Monday, December 01, 2003

Peter Singer...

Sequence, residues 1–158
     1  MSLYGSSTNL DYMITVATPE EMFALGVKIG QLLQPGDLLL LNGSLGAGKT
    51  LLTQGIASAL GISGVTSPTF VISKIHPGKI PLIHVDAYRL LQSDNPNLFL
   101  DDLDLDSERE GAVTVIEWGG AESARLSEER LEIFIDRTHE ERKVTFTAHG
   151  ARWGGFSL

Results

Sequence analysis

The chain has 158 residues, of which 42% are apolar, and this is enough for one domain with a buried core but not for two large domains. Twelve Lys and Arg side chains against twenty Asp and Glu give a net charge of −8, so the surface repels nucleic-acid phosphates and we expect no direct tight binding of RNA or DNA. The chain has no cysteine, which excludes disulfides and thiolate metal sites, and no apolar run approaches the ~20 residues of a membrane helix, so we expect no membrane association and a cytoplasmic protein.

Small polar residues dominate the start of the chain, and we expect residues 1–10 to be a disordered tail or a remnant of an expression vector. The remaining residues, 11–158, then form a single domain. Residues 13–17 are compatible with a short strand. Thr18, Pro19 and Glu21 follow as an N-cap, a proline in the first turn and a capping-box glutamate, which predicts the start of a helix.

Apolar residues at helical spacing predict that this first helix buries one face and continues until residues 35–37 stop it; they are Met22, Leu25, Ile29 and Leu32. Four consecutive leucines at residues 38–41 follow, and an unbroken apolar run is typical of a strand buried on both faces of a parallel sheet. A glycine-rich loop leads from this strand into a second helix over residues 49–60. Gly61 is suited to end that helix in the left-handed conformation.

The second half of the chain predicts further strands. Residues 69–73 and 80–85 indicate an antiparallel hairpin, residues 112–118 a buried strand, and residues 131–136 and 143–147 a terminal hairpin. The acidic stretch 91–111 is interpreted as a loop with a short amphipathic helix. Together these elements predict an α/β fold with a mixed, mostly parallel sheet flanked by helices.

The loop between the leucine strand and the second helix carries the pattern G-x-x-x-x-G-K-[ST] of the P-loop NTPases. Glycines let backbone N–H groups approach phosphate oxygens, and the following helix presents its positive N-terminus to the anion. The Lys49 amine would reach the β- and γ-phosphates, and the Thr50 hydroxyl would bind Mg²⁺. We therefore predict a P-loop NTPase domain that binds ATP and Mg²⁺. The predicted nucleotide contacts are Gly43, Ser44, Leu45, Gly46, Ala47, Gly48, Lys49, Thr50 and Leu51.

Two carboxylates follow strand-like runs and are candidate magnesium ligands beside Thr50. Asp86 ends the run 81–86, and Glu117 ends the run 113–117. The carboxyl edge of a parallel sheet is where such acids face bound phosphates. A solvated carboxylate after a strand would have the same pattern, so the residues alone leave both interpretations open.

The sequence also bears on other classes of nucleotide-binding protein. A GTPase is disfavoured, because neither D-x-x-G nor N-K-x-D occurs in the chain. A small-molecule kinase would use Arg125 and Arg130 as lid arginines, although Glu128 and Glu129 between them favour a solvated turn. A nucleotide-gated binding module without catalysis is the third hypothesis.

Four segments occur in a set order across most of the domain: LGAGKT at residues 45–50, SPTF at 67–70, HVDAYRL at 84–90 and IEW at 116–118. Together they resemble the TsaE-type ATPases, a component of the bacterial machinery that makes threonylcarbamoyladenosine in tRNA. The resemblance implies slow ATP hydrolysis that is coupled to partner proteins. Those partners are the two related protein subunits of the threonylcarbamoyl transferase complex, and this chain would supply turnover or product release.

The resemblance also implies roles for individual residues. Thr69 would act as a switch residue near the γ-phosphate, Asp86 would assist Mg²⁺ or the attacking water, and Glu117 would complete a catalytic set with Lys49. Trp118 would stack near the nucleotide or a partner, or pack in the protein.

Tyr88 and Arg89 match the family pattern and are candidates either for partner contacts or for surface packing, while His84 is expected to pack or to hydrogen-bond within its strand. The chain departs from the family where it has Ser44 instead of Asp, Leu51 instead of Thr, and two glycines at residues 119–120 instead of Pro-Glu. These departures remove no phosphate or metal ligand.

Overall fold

and Karen Dawn, have an op-ed piece for the L.A. Times titled, Back at the Ranch, a Horror Story. Peter Singer, if you are not aware, is the Princeton bioethicist who advocates infanticide if it pleases the parents but, as this editorial shows, has problems with the inhumane treatment of animals. "A ranch owner in San Diego County disposes of 30,000 nonproductive egg-laying hens by feeding them into a wood chipper. Live hens are dumped into the shredder, some likely to hit feet first, some breast first. Sound like a scene from a horror movie? It's a true story. One would surely expect the ranchers to be prosecuted, but California humane slaughter laws do not cover unproductive egg-laying hens. "Spent hens" are often packed into containers and bulldozed into the ground — buried alive. Or they are often gassed using carbon dioxide distributed unevenly among tens of thousands of birds; it's common for them to die slow, painful deaths." Efforts to prosecute the ranch owner failed for no criminal intent was shown. Singer and Dawn outline other practices as follows, "The majority of laying hens in the United States are forced to go into an unnatural molt by the sudden withdrawal of food for up to 14 days. This process shocks them into another round of laying. Even though this violates California's anti-cruelty statute, which states that a person who causes an animal to be "deprived of necessary sustenance" is guilty of a crime, but cases are not prosecuted." (emphasis added) Now, I am not advocating cruelty to animals and a Christian argument could easily be made not for complete vegetarianism, but for a much more modest approach to the consumption of meat than we are used to in the West. In the Touchstone article, Our Food from God: Factory Farms & the Culture of Death, Christopher Killheffer, comments on the fact that Jesus and his disciples probably did not have meat every day, as is so common among those of us here in the U.S. Killheffer reminds us that, as Christians, we are to treat animals not as commodities, but as part of God's creation... that which we have been commanded to manage. But I veer off on a tangent. One has to wonder why Singer and Dawn are so concerned about chickens being summarily ground up or deprived of necessary sustenance, while at the same time not lifting an editorial finger to come to the defense of Teri Schiavo being deprived of her necessary sustenance.

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